RM110b HSR project deferred until May 2020

This article first appeared in The Edge Financial Daily, on September 6, 2018.
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PUTRAJAYA: Malaysia can only defer the Kuala Lumpur-Singapore high-speed rail (HSR) project for two years to salvage the country’s strained fiscal position, but cannot abort the project that will cost a whopping RM110 billion.

Yesterday, the Malaysia and Singapore governments signed a side letter for the HSR Bilateral Agreement to defer the construction of the project until end-May 2020.

In a joint statement yesterday, both governments said they are committed to the project, but at Malaysia’s request and “in the spirit of bilateral cooperation”, Singapore has agreed to suspend the project.

For that, Malaysia has to bear a S$15 million (RM45.18 million) cost of deferment or abortive costs, and the project’s estimated date of commencement of operation will be postponed to Jan 1, 2031, instead of Dec 31, 2026 originally.

“If by May 31, 2020, Malaysia does not proceed with the HSR project, Malaysia will also bear the agreed costs incurred by Singapore in fulfilling the HSR Bilateral Agreement,” said the statement.

The agreed cost was not revealed to the press.

The Singapore government had made significant investments for the proposed HSR. For instance, it bought the decades-old Jurong Country Club in May 2015 for S$89.8 million and the Raffles Country Club last year for an undisclosed sum.

Yesterday, Singapore’s Coordinating Minister for Infrastructure and Minister for Transport Khaw Boon Wan and Malaysia’s Economic Affairs Minister Datuk Seri Mohamed Azmin Ali signed and exchanged legal documents to vary the HSR Bilateral Agreement here.

At a joint press conference, Mohamed Azmin said the abortive costs to defer the project was due end-January next year.

“Both parties met on Aug 27 and 28 to discuss details ... In the event we cancel the project, we will certainly meet and discuss, but I do not want to jump to the conclusion because the agreement signed today (yesterday) clearly states our commitment to continue with the project, after May 2020.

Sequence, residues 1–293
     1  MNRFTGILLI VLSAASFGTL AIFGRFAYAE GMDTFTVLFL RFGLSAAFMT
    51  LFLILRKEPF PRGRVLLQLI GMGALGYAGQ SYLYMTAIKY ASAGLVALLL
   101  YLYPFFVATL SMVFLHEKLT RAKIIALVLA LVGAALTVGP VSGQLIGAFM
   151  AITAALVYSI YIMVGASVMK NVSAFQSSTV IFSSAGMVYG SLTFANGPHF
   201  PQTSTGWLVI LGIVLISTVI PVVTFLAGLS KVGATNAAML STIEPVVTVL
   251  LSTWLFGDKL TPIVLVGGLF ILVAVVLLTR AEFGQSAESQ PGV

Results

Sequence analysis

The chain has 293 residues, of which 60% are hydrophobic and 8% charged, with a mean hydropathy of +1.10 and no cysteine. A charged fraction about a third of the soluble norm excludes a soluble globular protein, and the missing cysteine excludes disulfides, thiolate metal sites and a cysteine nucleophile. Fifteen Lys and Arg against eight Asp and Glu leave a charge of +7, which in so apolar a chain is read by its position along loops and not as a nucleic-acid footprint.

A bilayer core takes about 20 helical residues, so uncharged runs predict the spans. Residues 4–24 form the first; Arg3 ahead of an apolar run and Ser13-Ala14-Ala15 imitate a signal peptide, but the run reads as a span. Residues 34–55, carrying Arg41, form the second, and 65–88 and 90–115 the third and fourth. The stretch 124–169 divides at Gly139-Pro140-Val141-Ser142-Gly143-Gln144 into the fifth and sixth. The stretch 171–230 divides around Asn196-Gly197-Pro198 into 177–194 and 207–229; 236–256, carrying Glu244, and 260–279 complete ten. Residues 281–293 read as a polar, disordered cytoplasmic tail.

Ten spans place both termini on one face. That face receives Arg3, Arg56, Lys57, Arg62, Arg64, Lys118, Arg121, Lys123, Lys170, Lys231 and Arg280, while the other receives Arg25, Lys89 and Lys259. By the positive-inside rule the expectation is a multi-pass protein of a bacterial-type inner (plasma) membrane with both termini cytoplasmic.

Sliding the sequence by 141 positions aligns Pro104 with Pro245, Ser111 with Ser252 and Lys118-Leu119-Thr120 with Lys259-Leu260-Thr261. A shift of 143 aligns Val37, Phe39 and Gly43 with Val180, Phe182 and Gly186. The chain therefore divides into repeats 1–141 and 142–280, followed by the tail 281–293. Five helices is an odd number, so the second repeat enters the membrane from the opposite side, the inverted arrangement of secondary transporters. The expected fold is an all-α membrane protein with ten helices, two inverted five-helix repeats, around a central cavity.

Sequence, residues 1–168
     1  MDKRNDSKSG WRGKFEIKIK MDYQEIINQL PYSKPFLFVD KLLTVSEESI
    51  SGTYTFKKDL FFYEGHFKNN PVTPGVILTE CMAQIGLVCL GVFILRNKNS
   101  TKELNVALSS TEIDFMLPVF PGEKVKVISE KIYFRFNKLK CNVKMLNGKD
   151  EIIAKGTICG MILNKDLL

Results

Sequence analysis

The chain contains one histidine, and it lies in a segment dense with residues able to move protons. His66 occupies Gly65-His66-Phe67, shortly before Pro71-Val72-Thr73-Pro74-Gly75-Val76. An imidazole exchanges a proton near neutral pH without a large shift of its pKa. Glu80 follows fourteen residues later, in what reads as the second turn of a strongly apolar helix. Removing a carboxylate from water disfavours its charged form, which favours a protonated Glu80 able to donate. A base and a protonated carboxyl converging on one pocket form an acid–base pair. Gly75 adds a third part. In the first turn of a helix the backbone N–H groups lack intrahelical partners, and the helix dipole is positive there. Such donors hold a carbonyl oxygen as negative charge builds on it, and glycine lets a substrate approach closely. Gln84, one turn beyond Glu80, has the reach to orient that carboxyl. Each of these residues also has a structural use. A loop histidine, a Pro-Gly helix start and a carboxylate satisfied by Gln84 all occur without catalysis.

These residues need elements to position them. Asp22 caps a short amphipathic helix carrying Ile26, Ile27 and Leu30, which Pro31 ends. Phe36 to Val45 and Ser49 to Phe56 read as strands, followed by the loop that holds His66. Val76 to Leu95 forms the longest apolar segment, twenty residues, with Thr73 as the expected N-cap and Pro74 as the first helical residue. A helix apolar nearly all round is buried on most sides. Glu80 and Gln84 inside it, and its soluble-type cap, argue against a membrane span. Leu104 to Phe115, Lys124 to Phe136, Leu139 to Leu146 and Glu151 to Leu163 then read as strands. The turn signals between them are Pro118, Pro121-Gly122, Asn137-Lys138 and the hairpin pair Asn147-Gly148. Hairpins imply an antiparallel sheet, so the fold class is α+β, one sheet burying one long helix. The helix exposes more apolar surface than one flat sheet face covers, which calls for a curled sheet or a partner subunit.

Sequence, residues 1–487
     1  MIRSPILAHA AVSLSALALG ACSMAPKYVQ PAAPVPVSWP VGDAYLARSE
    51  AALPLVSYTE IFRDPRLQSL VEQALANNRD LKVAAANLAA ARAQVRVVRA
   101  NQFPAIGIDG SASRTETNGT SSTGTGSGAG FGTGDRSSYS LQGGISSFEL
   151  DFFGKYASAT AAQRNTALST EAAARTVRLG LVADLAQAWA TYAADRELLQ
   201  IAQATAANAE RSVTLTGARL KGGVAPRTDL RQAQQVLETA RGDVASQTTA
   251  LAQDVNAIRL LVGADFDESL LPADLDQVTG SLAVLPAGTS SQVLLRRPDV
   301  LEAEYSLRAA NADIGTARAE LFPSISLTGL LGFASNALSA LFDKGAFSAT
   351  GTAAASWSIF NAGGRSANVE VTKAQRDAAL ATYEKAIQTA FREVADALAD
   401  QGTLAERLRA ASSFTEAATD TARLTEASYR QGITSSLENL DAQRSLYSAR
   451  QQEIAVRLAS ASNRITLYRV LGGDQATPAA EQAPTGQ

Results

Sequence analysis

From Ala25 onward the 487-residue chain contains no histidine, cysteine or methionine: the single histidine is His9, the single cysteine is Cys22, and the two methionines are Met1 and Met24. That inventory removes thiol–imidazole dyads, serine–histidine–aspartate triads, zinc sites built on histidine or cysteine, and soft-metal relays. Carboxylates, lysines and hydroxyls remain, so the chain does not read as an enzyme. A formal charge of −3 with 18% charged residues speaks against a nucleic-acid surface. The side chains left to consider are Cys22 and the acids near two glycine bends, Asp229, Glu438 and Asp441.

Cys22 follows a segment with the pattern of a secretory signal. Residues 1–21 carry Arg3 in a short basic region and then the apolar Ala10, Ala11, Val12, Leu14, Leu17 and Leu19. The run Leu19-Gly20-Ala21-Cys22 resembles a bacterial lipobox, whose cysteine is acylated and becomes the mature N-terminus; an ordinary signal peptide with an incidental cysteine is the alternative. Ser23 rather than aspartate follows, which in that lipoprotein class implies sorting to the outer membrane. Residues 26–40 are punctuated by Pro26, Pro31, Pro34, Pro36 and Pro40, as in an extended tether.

“I agree with Minister Khaw that if the deferment period is beyond two years, the business model would change, and the cost would continue to escalate. So based on our negotiations via various meetings, we agreed to a two-year deferment period,” Mohamed Azmin explained.

During the suspension period, Malaysia and Singapore will continue to discuss the best way forward for the HSR project with the aim of reducing costs, according to the joint statement.

This brings hope that the project might not be as pricey as the original sum.

Like a few other megaprojects, the HSR does not seem to have been received well by the new government given the high project costs.

During an interview with The Edge Malaysia weekly in May, Prime Minister Tun Dr Mahathir Mohamad commented that the terms of the agreement on the HSR are such that if Malaysia decided to drop the project, it would cost the country a lot of money.

Dr Mahathir is of the view that the HSR is not viable for such short distances. And he did not think there was a strong demand for such a rail service given that there are already different modes of transportation available across the Causeway.

Meanwhile, Finance Minister Lim Guan Eng said in a press interview in early July that the Malaysian government received offers to build the rail project at half the cost,.

The idea of building the HSR was first mooted back in February 2013 when former prime minister Datuk Seri Najib Razak and Singapore Prime Minister Lee Hsien Loong agreed to build the railway during the Singapore-Malaysia Leaders’ Retreat then.

The governments of both countries signed a bilateral agreement on Dec 13 2016, which captured the key points of agreement on the project, including the technical parameters, commercial model, customs, immigration and quarantine clearance, safety and security matters, regulatory framework and project management approach.

The HSR aims to facilitate a 90-minute travel time between Kuala Lumpur and Singapore.

According to the original plan, there would be eight stations along the track, namely the Bandar Malaysia, Sepang-Putrajaya, Seremban, Melaka, Muar, Batu Pahat and Iskandar Puteri stations in Malaysia and the Jurong East station in Singapore.